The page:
Charles BLACKMAN, The cigarette shop (Running home) Enlarge 1 /1


Harbord, New South Wales, Australia born 1928

  • England 1961–66
  • France 1970–71

The cigarette shop (Running home) [The Cigarette Shop] 1954 Place made: Melbourne, Victoria, Australia
Materials & Technique: paintings, enamel on composition board

Primary Insc: No inscriptions
Dimensions: 91.0 h x 121.0 w cm framed (overall) 980 h x 1286 w x 36 d mm
Acknowledgement: Founding Donor Fund 1985
Accession No: NGA 85.631

The year 1954 was critical for Charles Blackman. Having given up his job as an illustrator for the Sydney Sun, he had recently moved to Melbourne where he found the genesis for an iconography that would define him as an artist—school children and playgrounds, cats on roofs, the flower shop and clock towers.

Walking though the suburbs from his studio home in Hawthorn to the inner city with his wife Barbara, he discovered a rich seam of inspiration for a series of urban landscapes, culminating in an exhibition based on advertising hoardings and posters at Mirka Mora’s newly established gallery in November 1954. The cigarette shop was a key work from that exhibition. One of the largest from the show, the painting depicts the local tobacco shop so heavily emblazoned with advertisements that the building’s architecture is obscured. Each advertisement is a distinct Blackman painting in its own right.

From necessity, Blackman had begun to use Dulux house paint and this medium suited his depiction of the crisp graphic quality of the hoardings so commonly found at train stations and high street shops. Yet despite the dominance of the primary palette and the graphic imagery, it is the urgency of the young girl running past the shop, alone in the suburban world as night encroaches, that gives this work a troubling sense of disquiet.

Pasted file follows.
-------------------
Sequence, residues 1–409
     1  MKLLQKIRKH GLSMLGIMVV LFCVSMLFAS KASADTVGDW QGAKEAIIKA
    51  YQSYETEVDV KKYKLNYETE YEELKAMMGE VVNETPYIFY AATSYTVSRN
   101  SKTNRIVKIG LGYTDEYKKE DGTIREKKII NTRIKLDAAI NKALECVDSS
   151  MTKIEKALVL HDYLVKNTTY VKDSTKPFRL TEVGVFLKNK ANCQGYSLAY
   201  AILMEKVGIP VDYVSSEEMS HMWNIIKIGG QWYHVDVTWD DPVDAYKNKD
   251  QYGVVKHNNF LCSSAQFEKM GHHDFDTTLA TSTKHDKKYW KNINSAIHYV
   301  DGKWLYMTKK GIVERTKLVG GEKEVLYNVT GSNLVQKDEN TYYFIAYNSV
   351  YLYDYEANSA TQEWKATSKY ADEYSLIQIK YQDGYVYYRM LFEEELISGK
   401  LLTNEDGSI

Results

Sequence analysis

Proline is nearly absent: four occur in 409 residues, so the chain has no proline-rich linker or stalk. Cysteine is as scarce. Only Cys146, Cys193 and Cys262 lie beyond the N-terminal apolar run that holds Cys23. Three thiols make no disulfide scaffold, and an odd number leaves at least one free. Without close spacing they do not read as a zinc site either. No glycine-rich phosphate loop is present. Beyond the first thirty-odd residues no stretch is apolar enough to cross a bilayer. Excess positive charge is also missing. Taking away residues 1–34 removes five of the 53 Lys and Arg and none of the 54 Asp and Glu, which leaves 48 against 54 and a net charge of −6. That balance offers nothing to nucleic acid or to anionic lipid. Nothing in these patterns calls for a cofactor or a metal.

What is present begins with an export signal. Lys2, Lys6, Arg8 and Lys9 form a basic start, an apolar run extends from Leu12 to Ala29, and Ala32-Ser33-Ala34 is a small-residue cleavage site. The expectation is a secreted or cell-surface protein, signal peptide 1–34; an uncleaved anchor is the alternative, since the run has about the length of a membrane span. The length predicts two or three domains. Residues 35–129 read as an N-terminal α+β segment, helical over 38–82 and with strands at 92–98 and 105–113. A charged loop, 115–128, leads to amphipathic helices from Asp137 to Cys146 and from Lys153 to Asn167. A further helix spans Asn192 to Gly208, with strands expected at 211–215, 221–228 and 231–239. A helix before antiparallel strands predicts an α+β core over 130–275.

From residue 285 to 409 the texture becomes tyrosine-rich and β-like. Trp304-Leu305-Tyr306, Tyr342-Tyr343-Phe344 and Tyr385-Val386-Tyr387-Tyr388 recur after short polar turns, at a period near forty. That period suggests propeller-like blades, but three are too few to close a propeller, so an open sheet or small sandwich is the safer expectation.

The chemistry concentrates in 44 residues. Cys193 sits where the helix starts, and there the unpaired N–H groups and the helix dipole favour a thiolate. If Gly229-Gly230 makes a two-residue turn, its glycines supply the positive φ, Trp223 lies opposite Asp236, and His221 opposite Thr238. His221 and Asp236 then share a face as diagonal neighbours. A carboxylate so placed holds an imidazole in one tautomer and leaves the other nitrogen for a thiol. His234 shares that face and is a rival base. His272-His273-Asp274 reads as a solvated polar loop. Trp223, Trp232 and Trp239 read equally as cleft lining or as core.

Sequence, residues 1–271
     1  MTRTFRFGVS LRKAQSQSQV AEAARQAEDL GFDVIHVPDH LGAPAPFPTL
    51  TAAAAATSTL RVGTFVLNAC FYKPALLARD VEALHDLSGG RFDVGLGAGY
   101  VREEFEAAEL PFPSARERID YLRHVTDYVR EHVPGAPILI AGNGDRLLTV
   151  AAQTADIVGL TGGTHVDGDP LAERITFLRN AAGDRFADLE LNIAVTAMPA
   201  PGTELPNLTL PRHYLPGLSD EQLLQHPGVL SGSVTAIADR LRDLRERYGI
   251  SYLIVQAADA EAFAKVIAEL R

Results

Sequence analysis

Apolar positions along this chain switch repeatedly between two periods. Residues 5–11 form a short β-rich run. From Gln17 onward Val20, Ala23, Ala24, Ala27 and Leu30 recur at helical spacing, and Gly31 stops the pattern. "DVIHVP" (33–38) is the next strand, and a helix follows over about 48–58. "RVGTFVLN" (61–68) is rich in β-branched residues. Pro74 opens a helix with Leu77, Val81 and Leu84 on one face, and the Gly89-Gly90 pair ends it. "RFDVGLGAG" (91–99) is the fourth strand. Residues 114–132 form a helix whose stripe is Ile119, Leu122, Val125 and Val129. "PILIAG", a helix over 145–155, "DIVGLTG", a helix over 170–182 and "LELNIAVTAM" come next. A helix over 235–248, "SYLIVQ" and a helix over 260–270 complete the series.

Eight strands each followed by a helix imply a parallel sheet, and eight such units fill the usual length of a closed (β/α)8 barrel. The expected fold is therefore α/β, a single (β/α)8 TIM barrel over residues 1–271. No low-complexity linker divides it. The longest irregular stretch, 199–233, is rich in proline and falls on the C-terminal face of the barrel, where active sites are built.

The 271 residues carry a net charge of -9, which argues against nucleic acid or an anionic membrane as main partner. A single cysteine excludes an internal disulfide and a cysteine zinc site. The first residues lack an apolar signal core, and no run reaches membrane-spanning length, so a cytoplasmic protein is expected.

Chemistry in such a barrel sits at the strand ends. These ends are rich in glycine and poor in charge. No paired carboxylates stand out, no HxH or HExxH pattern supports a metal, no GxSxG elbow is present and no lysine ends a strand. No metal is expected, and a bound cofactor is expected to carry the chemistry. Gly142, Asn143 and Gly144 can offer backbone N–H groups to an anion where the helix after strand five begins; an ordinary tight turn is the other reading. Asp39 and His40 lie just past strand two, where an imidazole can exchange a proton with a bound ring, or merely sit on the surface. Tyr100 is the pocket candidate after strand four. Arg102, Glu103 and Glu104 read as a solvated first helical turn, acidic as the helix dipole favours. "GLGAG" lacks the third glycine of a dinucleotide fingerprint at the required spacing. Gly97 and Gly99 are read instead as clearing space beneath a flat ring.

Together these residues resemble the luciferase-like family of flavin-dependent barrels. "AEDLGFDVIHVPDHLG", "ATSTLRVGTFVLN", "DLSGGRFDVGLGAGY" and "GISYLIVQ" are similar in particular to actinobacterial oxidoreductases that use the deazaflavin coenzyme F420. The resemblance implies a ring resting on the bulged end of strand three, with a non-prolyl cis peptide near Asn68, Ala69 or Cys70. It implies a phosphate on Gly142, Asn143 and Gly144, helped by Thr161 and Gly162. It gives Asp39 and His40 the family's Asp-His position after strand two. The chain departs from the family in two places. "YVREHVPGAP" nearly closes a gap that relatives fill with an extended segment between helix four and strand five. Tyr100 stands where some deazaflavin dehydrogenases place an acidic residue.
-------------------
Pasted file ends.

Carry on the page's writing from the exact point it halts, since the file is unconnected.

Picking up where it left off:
Text © National Gallery of Australia, Canberra 2014
From: Collection highlights: National Gallery of Australia, National Gallery of Australia, Canberra, 2014

The theme of Charles Blackman’s art is the feminine psyche, which he explored through childhood memories (of his mother and sisters) and through his reading of the literature of adolescent fantasy. In The cigarette shop, which is almost a snapshot of the 1950s, the thrill comes from the conjunction of reality and dream. The blatant advertisements, featuring figures from fashionable society, contrast with the mystery of the fleeing child in the lower right. Influence on Blackman’s hoarding paintings came from the pre-Pop reality of his immediate suburban environment.

Text © National Gallery of Australia, Canberra 2010
From: Anne Gray (ed), Australian art in the National Gallery of Australia, National Gallery of Australia, Canberra, 2002